ASB is shutting nine branches and says from August another 25 branches will only open three days a week.
Separately ASB says it's recruiting about 150 staff to provide specialist guidance and advice to customers, and no jobs will be lost as a result of the branch closures.
Craig Sims, ASB’s executive general manager for retail banking, says the new positions will see people working across its phone, online and branch network responding to customers needing a range of specialist assistance. This could range from COVID-19 related help, to buying a house or retirement planning.
“Kiwis’ expectations of their bank are changing. In the past five years for example, at ASB we’ve seen a 42% decline in branch transactions, and now 85% of our personal customers prefer the convenience of our online and mobile services. Add to that, since lockdown in March around 13,500 customers have used our digital channels for the first time to do their banking and they’re continuing to do so,” says Sims.
The bank has been operating with a reduced number of branches open since the COVID-19 lockdown began in late March.
"By Monday 3 August, 25 branches nationwide will permanently move to operating three days a week from 9am-4.30pm. Nine branches located in main cities will not reopen."
“The branches not reopening have experienced
“Our team is an important part of this change and no jobs will be lost as a result of these changes. Team members will have the opportunity to move to another branch or other roles within ASB, supported by training to provide more specialised guidance and advice,” says Sims.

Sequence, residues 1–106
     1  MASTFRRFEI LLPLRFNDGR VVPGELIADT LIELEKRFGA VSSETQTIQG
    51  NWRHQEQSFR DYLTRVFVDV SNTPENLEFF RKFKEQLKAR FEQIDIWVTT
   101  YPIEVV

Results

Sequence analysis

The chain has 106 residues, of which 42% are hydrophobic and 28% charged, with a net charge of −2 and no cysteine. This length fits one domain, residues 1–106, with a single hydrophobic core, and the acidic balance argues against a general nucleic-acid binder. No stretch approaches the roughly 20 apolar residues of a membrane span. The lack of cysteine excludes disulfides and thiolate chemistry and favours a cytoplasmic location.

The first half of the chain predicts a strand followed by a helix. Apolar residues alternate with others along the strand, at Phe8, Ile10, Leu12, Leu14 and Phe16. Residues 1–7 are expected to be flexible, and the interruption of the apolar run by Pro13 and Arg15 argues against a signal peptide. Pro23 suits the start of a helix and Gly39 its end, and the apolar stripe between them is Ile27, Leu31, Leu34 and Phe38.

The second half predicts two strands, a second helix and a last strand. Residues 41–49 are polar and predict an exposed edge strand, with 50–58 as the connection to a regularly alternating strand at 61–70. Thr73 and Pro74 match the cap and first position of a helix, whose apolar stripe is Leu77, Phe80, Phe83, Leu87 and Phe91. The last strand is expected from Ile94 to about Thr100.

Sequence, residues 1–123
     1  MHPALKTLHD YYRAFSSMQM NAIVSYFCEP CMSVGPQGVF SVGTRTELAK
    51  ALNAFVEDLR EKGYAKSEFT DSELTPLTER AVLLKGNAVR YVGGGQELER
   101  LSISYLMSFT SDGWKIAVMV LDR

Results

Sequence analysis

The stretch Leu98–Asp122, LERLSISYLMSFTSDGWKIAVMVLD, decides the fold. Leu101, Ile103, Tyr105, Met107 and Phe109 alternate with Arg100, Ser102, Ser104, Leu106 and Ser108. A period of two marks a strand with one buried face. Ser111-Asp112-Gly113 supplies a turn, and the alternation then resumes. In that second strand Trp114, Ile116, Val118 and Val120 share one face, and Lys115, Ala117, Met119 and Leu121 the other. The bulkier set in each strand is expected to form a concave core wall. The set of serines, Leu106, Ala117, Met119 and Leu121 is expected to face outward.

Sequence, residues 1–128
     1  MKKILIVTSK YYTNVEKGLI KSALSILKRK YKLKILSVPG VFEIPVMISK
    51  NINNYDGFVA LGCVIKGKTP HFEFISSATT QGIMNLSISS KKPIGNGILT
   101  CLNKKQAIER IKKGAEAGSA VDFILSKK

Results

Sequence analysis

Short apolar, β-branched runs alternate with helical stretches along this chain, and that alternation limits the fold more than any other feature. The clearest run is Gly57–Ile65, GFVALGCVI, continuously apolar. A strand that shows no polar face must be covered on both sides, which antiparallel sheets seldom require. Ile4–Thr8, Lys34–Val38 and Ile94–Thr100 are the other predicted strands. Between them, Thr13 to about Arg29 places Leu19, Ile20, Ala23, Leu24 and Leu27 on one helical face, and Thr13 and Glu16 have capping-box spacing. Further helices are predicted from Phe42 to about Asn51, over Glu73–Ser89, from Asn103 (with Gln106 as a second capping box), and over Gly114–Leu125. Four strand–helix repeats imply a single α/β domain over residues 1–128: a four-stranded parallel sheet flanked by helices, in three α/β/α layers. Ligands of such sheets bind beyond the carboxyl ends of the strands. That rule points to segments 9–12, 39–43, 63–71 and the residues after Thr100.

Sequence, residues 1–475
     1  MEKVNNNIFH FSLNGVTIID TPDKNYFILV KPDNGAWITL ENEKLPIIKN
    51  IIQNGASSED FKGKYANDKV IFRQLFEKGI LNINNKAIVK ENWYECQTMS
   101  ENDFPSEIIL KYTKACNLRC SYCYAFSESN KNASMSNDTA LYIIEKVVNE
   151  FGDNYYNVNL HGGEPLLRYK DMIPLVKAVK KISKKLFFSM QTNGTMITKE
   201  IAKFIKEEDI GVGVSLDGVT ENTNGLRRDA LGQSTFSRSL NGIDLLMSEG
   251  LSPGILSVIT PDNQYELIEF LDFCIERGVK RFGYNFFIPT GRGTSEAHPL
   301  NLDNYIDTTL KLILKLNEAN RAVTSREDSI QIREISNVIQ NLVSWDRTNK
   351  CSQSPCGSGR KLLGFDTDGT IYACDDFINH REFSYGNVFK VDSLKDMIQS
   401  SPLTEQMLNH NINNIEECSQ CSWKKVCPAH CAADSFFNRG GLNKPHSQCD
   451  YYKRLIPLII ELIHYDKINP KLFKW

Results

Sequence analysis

The nine branches closing permanently are Auckland Hospital, Parnell, Ellerslie, Mt Albert, Ronwood Avenue, Waikato University, Papamoa, Barrington and Mosgiel. After the closures ASB says it will have 109 branches.
News of the ASB branch closures isn't a surprise. In a Trans Tasman Business Circle Zoom discussion in May ASB CEO Vittoria Shortt spoke at length about the greater use of digital technology COVID-19 has forced on ASB. This, of course, included communicating via the likes of Zoom and Microsoft Teams both with colleagues and customers out of necessity because face-to-face meetings weren't possible. But as Shortt detailed a lot more than that changed during lockdown.
"We've had to really rethink [about] how do we support our customers' needs in a fundamentally different way to what we've done in the past. And one of the real insights there has been we've now, if you like, nationalised our workforce," Shortt said.
"Because rather than having people working in a dedicated branch in a dedicated region, a lot of those people are supporting kiwis all over New Zealand. And what that has meant is we've been able to deal with these huge increases in demand in different parts of our business in a way that has been far more effective than ever before. So it has given us a real insight into what's possible when you think about how you engage your people right across the whole country," said Shortt.